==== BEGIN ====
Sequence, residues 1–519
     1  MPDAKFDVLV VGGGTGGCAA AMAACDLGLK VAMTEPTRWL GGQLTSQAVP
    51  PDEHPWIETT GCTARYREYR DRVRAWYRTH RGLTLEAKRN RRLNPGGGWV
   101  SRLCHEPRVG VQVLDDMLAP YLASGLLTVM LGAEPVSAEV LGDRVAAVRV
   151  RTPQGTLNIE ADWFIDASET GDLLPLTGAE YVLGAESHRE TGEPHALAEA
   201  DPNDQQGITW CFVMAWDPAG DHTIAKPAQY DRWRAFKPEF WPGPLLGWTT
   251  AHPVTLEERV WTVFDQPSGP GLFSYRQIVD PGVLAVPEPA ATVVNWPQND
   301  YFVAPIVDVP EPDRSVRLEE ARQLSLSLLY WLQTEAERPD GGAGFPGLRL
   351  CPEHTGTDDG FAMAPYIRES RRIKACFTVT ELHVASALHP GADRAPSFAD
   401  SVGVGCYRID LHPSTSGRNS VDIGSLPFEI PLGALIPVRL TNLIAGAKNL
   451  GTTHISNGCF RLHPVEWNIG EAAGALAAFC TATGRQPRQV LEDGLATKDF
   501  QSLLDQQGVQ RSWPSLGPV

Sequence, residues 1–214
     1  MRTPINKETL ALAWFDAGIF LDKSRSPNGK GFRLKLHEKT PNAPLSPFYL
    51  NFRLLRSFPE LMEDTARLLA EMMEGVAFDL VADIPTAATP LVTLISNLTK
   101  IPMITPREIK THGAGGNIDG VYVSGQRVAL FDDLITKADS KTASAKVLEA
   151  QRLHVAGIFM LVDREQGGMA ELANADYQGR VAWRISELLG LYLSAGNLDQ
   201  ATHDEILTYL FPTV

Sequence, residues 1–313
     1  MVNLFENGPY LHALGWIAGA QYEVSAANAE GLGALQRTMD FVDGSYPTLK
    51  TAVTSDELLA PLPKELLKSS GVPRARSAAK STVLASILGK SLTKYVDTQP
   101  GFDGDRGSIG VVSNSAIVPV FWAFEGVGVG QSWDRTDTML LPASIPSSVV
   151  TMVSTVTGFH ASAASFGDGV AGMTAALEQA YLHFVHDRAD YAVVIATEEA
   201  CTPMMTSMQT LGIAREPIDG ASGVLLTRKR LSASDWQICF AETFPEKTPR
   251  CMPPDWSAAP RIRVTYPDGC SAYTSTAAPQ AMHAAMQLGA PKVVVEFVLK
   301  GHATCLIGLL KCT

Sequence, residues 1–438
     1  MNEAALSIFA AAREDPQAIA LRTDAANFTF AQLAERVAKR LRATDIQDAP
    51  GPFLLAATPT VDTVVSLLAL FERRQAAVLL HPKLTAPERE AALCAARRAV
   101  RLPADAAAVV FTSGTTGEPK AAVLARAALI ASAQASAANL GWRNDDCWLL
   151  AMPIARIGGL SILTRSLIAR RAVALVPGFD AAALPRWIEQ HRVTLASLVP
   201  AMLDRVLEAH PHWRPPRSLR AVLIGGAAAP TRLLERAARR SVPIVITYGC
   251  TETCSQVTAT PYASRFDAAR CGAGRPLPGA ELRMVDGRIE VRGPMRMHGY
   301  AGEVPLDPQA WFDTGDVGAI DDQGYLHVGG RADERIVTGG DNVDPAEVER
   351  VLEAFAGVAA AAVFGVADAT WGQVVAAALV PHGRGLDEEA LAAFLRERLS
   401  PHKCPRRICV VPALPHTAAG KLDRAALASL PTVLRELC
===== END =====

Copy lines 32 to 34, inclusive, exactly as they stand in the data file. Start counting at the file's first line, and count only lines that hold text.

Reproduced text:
   201  AMLDRVLEAH PHWRPPRSLR AVLIGGAAAP TRLLERAARR SVPIVITYGC
   251  TETCSQVTAT PYASRFDAAR CGAGRPLPGA ELRMVDGRIE VRGPMRMHGY
   301  AGEVPLDPQA WFDTGDVGAI DDQGYLHVGG RADERIVTGG DNVDPAEVER